A drug that has been approved for the treatment of a type of skin cancer since 1999 appears to reverse Alzheimer's symptoms -- in mice.
Case Western Reserve University School of Medicine neuroscientist Gary Landreth and colleagues reported Thursday that bexarotene quickly cleared away beta-amyloid plaque, believed to cause the cognitive deficits of Alzheimer's disease, from the brains of genetically engineered mice.
Mice who received bexarotene treatment regained memory and cognitive function, including improvements in their sense of smell, the authors said. Bexarotene worked by helping to increase levels of a protein called Apolipoprotein E (ApoE), which helps remove beta-amyloids. Its effects took hold quickly, with half of plaques removed within 72 hours, the authors reported.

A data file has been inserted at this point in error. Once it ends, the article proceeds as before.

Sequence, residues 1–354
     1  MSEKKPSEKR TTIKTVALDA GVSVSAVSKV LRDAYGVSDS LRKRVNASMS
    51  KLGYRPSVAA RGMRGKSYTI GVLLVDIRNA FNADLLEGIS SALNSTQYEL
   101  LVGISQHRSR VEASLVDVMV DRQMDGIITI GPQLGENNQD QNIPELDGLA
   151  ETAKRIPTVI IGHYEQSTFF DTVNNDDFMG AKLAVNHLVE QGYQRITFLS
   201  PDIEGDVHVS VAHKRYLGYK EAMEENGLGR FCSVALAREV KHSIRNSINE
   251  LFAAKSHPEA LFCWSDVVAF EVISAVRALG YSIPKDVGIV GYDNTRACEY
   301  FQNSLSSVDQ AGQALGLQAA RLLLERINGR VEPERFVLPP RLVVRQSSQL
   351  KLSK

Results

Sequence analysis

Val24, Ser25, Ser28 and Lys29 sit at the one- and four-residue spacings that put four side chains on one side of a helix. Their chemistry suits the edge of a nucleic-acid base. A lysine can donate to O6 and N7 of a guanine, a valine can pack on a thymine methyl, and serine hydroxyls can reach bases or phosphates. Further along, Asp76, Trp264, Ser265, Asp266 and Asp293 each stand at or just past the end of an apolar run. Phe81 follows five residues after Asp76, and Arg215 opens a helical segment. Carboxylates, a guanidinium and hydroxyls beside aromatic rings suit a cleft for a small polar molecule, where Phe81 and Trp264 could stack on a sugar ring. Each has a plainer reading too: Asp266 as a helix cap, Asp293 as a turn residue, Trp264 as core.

Still years before something for humans could hit the market. As the article notes, it's not common for there to be a 1:1 match between drugs efficacious for mice and humans.